Legislature Passes Change to Kindergarten Start Date
The Legislature passed HB 4513 and SB316 last week, which will eventually move the kindergarten start date to September 1 and codify the current budget year plan to pay a half foundation allowance for half-day kindergarten.
The bills move up the minimum age requirement for a child enrolling in kindergarten so that a child would have to be five years of age by September 1, rather than December 1 (as is the case now). The requirement would be phased in over three years, starting in the 2013-14 school year. A child could enroll in kindergarten if he or she were at least 5 years old on November 1 of the 2013-14 school year, on October 1 of the 2014-15 school year, and on September 1 immediately preceding enrollment for the 2015-16 school year.
The parent or guardian of a child who is under 5 years old on the required date but who will be at least 5 years old by December 1 of the school year would be permitted to enroll their student in kindergarten. To do so, the parent or guardian must notify the school district by June 1 immediately prior to the school year of the intention to enroll the child in kindergarten for the upcoming school year. (If a child becomes a resident of the school district after June 1, the written notification must be provided by August 1.) The district could make a recommendation that the child is not ready to enroll in kindergarten due to the child’s age or other factors, but the parent or guardian would still have the choice to enroll the child.
Finally, the package of bills codifies the current budget year plan to only pay half the foundation allowance for students attending half-day kindergarten. There is an exception to the new calculation, however, for schools that can show they have used Title I federal funds to pay for all day kindergarten the previous two years so that those schools can continue to use the federal funds for that program.
If you have any questions, please contact Alicia Urbain, Vice President of Government and Legal Affairs, at 517-999-4416 or email@example.com.
Legislature Adjourns Without Taking Action on MPSERS
The Legislature adjourned last week without final action on MPSERS. The Legislature removed the disastrous language that would have held all charter schools liable for paying down the debt incurred from the broken MPSERS system.
The House passed its version of the reform on Thursday morning. It was, however, vastly different from the Senate’s version, largely due to the fact that is did not include closing the system to new employees, thus eliminating new legacy debt, and moving to a 401K-style plan like the Senate had included. The differences were so great that the Senate declined to take a vote on the House version of the bill before it adjourned for its annual in-district work period. The Senate could take it up again when it reconvenes on July 18.
PNC Bank Creates New Fund for Charter Schools
According to the Wall Street Journal, PNC Bank is creating a new fund to loan money to high-performing public charter schools that are looking to expand. “Facility ownership and ability to expand is crucial to charter schools seeking to grow their enrollment,” Greg McKenna, managing director at PNC Capital Markets, said in a press release. The new fund “is a convenient option for schools seeking growth in the near-term but lack the necessary funds to move forward.” The fund will target schools with a track record of academic and financial success that need more than $7 million in order to add capacity to an existing facility or buy a new one. The fund will advance up to 80 percent of the value of a school's property. Click here to learn more about financing resources available through PNC.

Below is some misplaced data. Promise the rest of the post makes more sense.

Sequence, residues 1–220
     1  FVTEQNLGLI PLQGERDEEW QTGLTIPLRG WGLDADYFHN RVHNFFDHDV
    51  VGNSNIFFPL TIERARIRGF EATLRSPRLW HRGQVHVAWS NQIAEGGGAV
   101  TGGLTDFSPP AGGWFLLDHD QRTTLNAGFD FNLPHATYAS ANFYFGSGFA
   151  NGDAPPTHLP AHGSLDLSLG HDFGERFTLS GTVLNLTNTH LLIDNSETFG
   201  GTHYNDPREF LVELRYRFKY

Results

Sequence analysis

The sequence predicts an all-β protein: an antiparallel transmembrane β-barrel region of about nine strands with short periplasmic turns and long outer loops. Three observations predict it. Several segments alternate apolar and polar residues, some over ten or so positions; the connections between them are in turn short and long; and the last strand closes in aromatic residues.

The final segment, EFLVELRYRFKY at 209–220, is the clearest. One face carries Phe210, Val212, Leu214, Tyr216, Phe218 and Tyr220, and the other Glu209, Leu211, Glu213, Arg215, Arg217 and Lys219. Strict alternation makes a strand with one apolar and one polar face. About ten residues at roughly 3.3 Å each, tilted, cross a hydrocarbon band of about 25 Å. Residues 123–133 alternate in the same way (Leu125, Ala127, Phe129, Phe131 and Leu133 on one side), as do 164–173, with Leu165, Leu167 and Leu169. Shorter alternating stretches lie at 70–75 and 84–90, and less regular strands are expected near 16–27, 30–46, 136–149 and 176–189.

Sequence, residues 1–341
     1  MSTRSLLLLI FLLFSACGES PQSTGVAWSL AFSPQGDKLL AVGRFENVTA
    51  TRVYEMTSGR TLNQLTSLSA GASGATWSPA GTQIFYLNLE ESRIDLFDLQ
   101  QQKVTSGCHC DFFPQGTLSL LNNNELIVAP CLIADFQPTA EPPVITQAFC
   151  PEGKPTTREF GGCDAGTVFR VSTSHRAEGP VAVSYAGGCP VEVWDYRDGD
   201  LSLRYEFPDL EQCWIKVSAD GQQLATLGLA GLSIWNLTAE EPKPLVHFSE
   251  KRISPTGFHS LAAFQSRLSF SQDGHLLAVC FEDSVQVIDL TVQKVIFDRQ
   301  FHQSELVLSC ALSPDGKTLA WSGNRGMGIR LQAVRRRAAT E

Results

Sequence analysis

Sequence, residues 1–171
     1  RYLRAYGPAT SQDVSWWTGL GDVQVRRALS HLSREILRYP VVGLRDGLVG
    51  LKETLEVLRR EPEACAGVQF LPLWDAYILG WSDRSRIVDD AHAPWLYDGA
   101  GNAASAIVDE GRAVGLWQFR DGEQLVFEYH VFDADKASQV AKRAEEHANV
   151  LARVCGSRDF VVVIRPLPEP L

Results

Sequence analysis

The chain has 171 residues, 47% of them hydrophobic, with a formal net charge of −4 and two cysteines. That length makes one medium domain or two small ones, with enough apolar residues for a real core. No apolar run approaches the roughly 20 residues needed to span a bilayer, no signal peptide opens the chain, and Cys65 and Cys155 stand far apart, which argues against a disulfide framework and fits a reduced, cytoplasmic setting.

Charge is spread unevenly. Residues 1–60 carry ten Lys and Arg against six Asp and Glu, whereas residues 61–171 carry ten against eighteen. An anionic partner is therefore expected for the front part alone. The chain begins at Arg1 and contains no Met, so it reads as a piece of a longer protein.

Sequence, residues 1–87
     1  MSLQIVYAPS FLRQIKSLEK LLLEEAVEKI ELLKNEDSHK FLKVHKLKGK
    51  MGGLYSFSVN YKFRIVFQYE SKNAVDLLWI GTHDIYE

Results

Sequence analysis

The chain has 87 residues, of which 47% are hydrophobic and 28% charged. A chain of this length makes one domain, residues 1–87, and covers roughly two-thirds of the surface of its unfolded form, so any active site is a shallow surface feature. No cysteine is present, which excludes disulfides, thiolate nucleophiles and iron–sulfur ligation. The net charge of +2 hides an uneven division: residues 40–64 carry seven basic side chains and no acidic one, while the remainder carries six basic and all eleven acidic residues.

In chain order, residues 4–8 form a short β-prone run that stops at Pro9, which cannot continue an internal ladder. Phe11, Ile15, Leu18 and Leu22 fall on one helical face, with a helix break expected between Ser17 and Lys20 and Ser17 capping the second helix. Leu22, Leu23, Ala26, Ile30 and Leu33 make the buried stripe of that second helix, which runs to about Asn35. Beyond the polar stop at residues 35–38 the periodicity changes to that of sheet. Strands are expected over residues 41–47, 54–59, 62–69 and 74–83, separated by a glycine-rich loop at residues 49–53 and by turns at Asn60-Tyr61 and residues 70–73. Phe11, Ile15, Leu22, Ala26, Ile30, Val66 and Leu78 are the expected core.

EDWorks Outlines Grant Opportunities
EDWorks recently updated their social media outlets with several new grant opportunities. They include:
2012 NSSEA School Facility Grants: Each year, the School Equipment Show showcases the newest and the best products for educational facilities. If you are a decision-maker at a school, college or university involved in any part of the design, building, or refurbishing of an educational facility, you may be eligible for an NSSEA School Facility Grant.
Best Buy: Best Buy teams across the United States select non-profit organizations that give teens access to opportunities through technology to help them excel in school and develop 21st century skills. This year, the Best Buy Children’s Foundation will give $2.8 million in Community Grants. Grant amounts will average $4,000-$6,000 and will not exceed $10,000. The application deadline is July 1, 2012.
The Kroger Co. Foundation (various deadlines): These focus on areas where Kroger has a presence.
Technology Grants for Rural Schools program: This was created to help meet the growing need for innovative technology in the classroom. The grants strive to help public schools in rural areas served by OPASTCO members bring modern computers to every classroom, connect schools to the information superhighway and make sure that effective and engaging software and online resources are an integral part of the school curriculum. A total of $35,000 will be awarded to public schools nominated by OPASTCO telcos. Grants range from $1,000-$5,000. The application deadline is November 1, 2012.
More information is available at the EDWorks Facebook page, which can be found here.
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